With all the Futurist manifestoes and sci-fi speculations of the 20th century, it’s pretty amazing to think that the people who had the clearest vision of the 21st century might’ve been a bunch of drugged-out hippies in a band.
OK, maybe I’m overstating things a bit. Or maybe I’ve just eaten a handful of mushrooms while listening to an 8-track tape of Aoxomoxoa and MY MIND IS COMPLETELY BLOWN, MAN. The fact though is that the Grateful Dead, as far back as the late 1960s, created a business model that took care of the band and their fans and anticipated by 40 years the DIY, value-added approach that is the new model for musicians in the digital age.
And they did this at a time when digital meant fingers on a typewriter.
Although I liked some of their music, I was never a Deadhead, and like many non-believers, I bought into the popular image of the band’s cult of followers as a great group of unwashed, unshaven stoners who basically sold each other drugs and Grateful Dead trinkets and slept in their vans. And the band was distinguished from its followers only in that they slept on a tour bus.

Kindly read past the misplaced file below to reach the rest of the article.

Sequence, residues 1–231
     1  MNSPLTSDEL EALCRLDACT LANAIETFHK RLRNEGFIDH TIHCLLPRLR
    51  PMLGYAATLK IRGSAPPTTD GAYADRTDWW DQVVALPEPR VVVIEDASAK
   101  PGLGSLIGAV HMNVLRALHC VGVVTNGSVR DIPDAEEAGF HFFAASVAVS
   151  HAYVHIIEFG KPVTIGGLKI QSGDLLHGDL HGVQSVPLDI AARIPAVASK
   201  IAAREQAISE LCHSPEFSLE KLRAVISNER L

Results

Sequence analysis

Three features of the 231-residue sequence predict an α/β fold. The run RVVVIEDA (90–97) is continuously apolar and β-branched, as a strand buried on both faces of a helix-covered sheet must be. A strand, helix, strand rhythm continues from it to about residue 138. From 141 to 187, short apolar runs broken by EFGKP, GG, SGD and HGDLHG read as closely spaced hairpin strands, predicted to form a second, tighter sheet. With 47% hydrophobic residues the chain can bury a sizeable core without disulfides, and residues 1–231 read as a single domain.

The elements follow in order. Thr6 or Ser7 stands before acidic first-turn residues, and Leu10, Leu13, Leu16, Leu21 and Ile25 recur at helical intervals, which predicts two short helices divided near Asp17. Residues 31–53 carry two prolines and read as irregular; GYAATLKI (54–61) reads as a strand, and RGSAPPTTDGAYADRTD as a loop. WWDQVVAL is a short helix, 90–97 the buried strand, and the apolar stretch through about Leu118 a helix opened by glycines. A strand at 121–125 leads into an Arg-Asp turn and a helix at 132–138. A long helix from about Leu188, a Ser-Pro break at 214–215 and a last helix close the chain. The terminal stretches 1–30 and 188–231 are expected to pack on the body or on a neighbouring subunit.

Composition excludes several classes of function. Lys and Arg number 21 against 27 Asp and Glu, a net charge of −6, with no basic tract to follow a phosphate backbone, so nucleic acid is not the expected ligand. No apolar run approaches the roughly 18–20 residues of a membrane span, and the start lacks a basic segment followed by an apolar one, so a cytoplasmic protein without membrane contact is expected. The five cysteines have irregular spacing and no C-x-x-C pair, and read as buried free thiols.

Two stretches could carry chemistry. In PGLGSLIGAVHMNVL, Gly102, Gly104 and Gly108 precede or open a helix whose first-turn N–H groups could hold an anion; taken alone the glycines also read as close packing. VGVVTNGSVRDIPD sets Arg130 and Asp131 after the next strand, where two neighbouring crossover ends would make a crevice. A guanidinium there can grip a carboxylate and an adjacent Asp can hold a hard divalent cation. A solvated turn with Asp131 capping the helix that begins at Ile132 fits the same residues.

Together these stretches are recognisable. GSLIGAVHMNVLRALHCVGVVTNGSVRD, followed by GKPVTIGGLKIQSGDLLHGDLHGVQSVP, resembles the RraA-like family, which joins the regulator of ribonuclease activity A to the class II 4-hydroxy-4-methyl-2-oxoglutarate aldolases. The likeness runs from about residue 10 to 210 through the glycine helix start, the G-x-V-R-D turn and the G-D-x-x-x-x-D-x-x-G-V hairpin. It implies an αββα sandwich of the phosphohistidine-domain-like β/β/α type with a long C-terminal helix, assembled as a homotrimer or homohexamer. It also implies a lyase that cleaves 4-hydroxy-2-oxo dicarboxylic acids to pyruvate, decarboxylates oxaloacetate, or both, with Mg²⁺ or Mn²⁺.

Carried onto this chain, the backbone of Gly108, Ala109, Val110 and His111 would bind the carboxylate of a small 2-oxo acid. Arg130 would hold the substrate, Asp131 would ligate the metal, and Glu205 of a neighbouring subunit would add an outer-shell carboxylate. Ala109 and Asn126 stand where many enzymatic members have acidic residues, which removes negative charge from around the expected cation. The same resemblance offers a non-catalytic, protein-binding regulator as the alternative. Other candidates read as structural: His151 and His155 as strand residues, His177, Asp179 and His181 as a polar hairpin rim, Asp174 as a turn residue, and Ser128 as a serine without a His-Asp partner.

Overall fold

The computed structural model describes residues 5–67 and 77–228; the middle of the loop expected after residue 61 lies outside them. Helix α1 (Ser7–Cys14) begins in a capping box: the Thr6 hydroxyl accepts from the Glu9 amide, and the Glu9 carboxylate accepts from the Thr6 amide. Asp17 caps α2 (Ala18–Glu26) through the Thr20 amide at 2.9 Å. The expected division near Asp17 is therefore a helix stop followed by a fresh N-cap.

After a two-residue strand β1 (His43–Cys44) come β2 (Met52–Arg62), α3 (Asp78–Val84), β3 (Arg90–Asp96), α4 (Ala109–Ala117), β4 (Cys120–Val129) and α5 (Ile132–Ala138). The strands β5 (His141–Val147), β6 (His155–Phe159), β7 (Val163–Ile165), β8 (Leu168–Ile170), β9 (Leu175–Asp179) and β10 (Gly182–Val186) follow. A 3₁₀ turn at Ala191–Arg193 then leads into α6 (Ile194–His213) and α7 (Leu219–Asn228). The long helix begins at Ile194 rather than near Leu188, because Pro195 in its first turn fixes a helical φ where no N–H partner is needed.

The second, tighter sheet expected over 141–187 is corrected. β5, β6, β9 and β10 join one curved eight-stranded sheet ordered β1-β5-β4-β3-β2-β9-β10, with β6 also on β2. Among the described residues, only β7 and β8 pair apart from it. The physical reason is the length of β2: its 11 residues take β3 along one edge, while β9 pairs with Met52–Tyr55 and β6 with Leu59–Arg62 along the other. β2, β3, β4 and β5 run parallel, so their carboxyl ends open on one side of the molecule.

In the 1970s, when I became musically aware, I saw this big shiny record industry on the one hand, with gold records and once a year tours; and this weirdo band and their demented followers on the other hand, with their constant gigs and their fanzines.
Now, the industry is in tatters, and the blogosphere – the digital version of fanzines – has become the primary way for bands to gain exposure, jump-start their career, and maintain the all-important communication with their fans. Records are audio business-cards that get you noticed – the way a band sustains itself is through touring, and selling band trinkets. So, which side looks demented now?